System and data            detailed reporting and analysis. The systems are linked such that stand
management                 information is both spatial and descriptive. The system is used to schedule
                           and plan significant changes to the estate, for example: re-planting,
                           fertilising and thinning operations.

Defined Forest             Maps for the DFA are found on the PF Olsen Australia website
Area Maps                  (www.pfolsen.com.au/au).

Mapping                    Mapping will be required from time to time to manage and control
                           operations. PF Olsen Australia foresters create maps with details of:
                                silvicultural operations
                                maintenance operations
                                harvesting operations
                                specific infrastructure
                                roads
                                waterways
                                remnant vegetation
                                protected areas with high conservation values and cultural heritage
                                 sites
                                research trials
                                monitoring locations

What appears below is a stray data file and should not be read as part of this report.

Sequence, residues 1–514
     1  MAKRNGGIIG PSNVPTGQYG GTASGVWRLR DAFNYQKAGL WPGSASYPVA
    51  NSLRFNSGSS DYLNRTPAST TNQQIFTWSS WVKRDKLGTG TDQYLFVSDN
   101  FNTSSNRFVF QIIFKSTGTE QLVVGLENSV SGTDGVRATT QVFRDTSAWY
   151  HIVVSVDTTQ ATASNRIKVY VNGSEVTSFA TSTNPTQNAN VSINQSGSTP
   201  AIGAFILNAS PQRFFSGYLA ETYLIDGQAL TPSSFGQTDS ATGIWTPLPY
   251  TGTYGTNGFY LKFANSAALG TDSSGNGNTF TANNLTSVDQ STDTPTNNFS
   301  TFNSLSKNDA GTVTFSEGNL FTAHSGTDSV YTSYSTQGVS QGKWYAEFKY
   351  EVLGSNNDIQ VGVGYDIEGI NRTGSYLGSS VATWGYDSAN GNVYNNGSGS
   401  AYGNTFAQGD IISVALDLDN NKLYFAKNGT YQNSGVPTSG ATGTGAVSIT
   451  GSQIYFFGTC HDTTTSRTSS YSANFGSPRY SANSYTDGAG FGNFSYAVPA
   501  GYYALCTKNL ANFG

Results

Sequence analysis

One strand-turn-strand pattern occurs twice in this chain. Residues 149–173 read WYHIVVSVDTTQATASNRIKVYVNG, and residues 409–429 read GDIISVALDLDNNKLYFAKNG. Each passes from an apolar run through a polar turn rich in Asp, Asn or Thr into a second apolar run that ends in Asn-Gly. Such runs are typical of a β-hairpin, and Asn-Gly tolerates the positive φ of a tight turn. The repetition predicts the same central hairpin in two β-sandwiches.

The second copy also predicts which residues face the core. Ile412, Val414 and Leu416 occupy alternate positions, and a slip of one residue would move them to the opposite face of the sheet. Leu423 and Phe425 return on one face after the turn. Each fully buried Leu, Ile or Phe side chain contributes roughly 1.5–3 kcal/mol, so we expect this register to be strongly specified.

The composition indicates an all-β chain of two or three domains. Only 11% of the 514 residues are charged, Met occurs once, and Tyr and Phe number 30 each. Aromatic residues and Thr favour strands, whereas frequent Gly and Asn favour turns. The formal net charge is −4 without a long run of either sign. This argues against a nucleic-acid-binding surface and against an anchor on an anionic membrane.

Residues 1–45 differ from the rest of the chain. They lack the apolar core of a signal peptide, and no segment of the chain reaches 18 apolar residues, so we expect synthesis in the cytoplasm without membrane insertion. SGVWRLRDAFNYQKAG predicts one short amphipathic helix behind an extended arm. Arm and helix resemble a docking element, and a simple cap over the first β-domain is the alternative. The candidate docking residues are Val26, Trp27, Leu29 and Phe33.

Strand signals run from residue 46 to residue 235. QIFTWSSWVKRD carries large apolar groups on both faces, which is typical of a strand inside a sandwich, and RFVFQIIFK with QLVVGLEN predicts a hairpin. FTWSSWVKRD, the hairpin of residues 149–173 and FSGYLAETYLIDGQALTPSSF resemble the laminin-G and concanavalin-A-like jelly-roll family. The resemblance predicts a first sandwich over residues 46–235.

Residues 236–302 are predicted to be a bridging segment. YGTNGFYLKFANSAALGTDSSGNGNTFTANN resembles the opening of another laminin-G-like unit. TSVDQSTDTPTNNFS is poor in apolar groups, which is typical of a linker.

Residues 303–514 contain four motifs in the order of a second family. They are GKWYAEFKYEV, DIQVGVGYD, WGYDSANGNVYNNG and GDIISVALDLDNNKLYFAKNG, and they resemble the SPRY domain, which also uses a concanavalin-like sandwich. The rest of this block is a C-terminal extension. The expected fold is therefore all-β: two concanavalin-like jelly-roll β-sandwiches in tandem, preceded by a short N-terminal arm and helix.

     site hazards and
                                other special values.
                           This will occur on an ongoing basis and all relevant data will be stored
                           digitally.

                           Accurate mapping also assists with budgeting, planning and calculation of
                           future revenue and forest values.

For the period
January 2017 to December 2019                      Maps and Data                                         Page 13
RMSTA
                                                                                        Forest Management Plan

Forest records              Forest records are essential for management commercial forests.
                            PF Olsen Australia maintains forest records that include the following
                            information:
                                historic records of forest operations for each stand
                                quality control data for each operation
                                inventory results.
                                yields harvested from each stand.